Skip to main content
    • Aa
    • Aa

Doctors, chefs or hominin animals? Non-edible plants and Neanderthals

  • Karen Hardy (a1), Stephen Buckley (a2) and Michael Huffman (a3)

In 2013, Hardy et al. offered a broad behavioural context for the hypothesis that the ingestion of non-nutritional plants (yarrow and camomile) by Neanderthals was for the purpose of self-medication. Chemical traces of these plants had been detected in samples of dental calculus from Neanderthals at the site of El Sidrón, Spain, along with traces of bitumen and wood smoke, as well as starch granules that showed evidence of roasting (Hardy et al. 2012). Subsequently, the presence of traces of resin and a piece of non-edible conifer wood were also identified from these samples (Radini et al. 2016). Although not rejecting our interpretation for the presence of these two non-edible plants as evidence of medicinal plant use, two recent articles offer alternative scenarios for why and how those plants may have reached the mouth and, eventually, the dental calculus of the individual concerned. Buck and Stringer (2014) suggest that the plants were not deliberately ingested, and that the traces of yarrow and camomile were in fact embedded in the chyme, or stomach contents, of herbivore prey. Krief et al. (2015) propose two hypotheses: first, they suggest that the plants could have been used to flavour meat; second, while not ruling out the possibility that they could be medicinal, they argue on a technical point that the plants were not self-administered but were provided by a caregiver. Here, we examine these suggestions and consider their probability and feasibility as alternatives to our original proposal of self-medication.

Hide All
H. Bocherons 2009. Neanderthal dietary habits: review of the isotopic evidence, in J.-J. Hublin & M.P. Richards (ed.) The evolution of hominin diets: integrating approaches to the study of Palaeolithic subsistence: 241–50. Dordrecht: Springer.

L.T. Buck & C.B. Stringer . 2014. Having the stomach for it: a contribution to Neanderthal diets. Quaternary Science Reviews 96: 161–67.

F.J. Clemente , A. Cardona , C.E. Inchley , B.M. Peter , L. Jacobs , L. Pagani , T.J. Lawson , T. Antão & T. Kivisild . 2014. A selective sweep on a deleterious mutation in CPT1A in Arctic populations. American Journal of Human Genetics 95: 584–89.

C. Ginane , C.L. Manuelian & B. Dumont . 2015. Sheep herbivory within grassland patches: the potential cost of food item discrimination. Basic and Applied Ecology 16: 347–53.

K. Hardy , S. Buckley , M.J. Collins , A. Estalrrich , D. Brothwell , L. Copeland , A. García-Tabernero , S. García-Vargas , M. de la Rasilla , C. Lalueza-Fox , R. Huguet , M. Bastir , D. Santamaría , M. Madella , A. Fernández Cortés & A. Rosas . 2012. Neanderthal medics? Evidence for food, cooking and medicinal plants entrapped in dental calculus. Naturwissenschaften 99: 617–26.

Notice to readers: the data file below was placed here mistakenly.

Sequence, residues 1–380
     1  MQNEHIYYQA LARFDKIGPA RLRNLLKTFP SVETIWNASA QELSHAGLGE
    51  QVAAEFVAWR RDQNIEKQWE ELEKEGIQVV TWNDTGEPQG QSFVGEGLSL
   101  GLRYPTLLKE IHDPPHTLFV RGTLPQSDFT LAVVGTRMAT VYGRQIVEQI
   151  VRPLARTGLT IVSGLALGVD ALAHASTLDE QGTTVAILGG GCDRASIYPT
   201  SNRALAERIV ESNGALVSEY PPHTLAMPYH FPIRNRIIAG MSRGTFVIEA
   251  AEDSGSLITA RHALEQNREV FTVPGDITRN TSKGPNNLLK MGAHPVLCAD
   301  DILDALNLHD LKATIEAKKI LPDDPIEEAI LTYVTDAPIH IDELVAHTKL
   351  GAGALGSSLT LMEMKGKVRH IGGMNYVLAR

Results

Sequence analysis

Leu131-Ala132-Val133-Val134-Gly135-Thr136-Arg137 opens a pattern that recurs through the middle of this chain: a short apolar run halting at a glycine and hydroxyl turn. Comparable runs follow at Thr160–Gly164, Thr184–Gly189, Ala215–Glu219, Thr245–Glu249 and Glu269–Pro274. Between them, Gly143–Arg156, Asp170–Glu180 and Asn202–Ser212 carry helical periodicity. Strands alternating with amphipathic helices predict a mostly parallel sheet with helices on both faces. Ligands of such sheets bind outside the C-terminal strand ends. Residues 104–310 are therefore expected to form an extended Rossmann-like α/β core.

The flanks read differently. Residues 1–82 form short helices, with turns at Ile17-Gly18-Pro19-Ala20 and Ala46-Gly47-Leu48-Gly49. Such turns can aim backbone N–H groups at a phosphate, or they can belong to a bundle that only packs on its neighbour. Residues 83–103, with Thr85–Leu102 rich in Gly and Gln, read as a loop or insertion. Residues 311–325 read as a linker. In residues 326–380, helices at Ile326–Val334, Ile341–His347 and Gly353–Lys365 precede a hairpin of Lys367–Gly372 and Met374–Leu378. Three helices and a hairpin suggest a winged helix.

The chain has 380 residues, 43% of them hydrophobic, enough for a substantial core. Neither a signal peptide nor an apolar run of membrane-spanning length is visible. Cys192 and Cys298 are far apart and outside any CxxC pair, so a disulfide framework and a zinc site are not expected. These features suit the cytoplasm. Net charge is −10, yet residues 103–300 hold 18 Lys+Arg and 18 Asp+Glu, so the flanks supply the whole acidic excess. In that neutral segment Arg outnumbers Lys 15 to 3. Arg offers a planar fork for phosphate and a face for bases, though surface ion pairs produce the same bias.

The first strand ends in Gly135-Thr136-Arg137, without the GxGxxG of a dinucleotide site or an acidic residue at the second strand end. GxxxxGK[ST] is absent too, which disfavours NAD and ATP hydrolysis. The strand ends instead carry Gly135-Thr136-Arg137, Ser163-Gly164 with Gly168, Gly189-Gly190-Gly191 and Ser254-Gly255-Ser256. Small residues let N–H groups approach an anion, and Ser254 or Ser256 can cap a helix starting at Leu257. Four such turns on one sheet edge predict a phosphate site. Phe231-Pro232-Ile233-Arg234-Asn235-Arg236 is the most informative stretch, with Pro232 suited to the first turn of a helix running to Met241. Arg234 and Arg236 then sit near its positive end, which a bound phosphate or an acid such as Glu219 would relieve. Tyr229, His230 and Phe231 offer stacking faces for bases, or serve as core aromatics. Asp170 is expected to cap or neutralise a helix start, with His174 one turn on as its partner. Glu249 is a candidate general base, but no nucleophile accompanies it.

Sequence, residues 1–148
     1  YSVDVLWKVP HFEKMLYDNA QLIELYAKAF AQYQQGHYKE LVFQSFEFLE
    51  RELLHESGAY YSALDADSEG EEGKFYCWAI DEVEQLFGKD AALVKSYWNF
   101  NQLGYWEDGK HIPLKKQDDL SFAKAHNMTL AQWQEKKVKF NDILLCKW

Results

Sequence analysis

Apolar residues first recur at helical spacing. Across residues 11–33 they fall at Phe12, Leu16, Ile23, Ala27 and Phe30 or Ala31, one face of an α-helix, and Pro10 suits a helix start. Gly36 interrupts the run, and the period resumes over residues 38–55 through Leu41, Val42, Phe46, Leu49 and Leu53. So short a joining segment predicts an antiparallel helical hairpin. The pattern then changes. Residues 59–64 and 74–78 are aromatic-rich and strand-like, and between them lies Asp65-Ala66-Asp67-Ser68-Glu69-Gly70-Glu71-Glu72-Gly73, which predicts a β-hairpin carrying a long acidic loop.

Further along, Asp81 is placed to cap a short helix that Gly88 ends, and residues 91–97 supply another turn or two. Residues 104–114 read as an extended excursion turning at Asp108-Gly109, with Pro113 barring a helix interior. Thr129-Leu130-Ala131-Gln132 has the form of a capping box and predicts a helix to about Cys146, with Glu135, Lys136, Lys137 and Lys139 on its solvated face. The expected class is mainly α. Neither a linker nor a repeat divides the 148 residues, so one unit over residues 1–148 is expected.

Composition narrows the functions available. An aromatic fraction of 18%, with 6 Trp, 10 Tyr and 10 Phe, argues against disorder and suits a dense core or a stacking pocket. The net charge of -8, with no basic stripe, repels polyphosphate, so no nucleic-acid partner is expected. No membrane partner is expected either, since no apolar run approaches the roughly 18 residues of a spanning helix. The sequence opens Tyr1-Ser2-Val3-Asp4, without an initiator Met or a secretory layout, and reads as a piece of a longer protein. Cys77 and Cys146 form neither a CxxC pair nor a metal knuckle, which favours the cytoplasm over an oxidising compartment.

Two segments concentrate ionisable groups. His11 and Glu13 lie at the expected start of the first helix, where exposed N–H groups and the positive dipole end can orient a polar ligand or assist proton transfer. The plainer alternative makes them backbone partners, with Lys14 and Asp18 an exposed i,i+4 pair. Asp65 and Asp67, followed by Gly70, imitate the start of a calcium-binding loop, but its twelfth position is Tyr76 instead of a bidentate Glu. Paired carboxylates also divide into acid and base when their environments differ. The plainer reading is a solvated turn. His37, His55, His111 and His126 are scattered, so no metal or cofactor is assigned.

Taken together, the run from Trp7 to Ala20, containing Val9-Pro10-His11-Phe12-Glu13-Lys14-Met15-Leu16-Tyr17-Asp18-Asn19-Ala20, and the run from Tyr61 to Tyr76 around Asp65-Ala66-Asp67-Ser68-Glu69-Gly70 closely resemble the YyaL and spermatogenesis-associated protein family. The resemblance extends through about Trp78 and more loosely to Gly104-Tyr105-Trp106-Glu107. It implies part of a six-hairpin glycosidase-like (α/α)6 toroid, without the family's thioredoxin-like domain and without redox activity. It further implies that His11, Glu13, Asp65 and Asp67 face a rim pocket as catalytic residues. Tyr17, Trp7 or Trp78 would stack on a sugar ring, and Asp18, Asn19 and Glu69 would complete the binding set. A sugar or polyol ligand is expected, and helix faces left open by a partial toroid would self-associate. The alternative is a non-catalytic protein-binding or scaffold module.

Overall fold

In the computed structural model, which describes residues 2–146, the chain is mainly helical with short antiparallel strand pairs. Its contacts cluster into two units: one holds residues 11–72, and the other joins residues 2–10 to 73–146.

K. Hardy , S. Buckley & M.A. Huffman . 2013. Neanderthal self-medication in context. Antiquity 87: 873–78.

K. Hardy , J. Brand Miller , K.J. Brown , M.G. Thomas & L. Copeland . 2015a. The importance of dietary carbohydrate in human evolution. The Quarterly Review of Biology 90: 251–68.

K. Hardy , A. Radini , S. Buckley , R. Sarig , L. Copeland , A. Gopher & R. Barkai . 2015b. Dental calculus reveals potential respiratory irritants and ingestion of essential plant-based nutrients at Lower Palaeolithic Qesem Cave, Israel. Quaternary International 398: 129–35.

A.G. Henry , A.S. Brooks & D.R. Piperno . 2014. Plant foods and the dietary ecology of Neanderthals and early modern humans. Journal of Human Evolution 69: 4454.

S. Krief , C.M. Hladik & C. Haxaire . 2005. Ethnomedicinal and bioactive properties of plants ingested by wild chimpanzees in Uganda. Journal of Ethnopharmacology 101: 115.

C. Lalueza-Fox , E. Gigli , M. de la Rasilla , J. Fortea & A. Rosas . 2009. Bitter taste perception in Neanderthals through the analysis of the TAS2R38 gene. Biology Letters 5: 809–11.

A.J.J. MacIntosh & M.A. Huffman .2010. Towards understanding the role of diet in host-parasite interactions in the case of Japanese macaques, in F. Nakagawa , M. Nakamichi & H. Sugiura (ed.) The Japanese macaques: 323–44. Tokyo: Springer.

W.C. McGrew 2010. In search of the last common ancestor: new findings on wild chimpanzees. Philosophical Transactions of the Royal Society B 365: 3267–76.

M. Nieminen & U. Heiskari . 1989. Diets of freely grazing and captive reindeer during summer and winter. Rangifer 9: 1734.

M.S. Singer & J.O. Stireman III . 2003. Does anti-parasitoid defence explain host-plant selection by a polyphagous caterpillar? OIKOS 100: 554–62.

J. Speth 2010. The paleoanthropology and archaeology of big-game hunting: protein, fat or politics? New York: Springer.

Recommend this journal

Email your librarian or administrator to recommend adding this journal to your organisation's collection.

  • ISSN: 0003-598X
  • EISSN: 1745-1744
  • URL: /core/journals/antiquity
Please enter your name
Please enter a valid email address
Who would you like to send this to? *


Altmetric attention score

Full text views

Total number of HTML views: 15
Total number of PDF views: 116 *
Loading metrics...

Abstract views

Total abstract views: 632 *
Loading metrics...

* Views captured on Cambridge Core between 15th September 2016 - 18th October 2017. This data will be updated every 24 hours.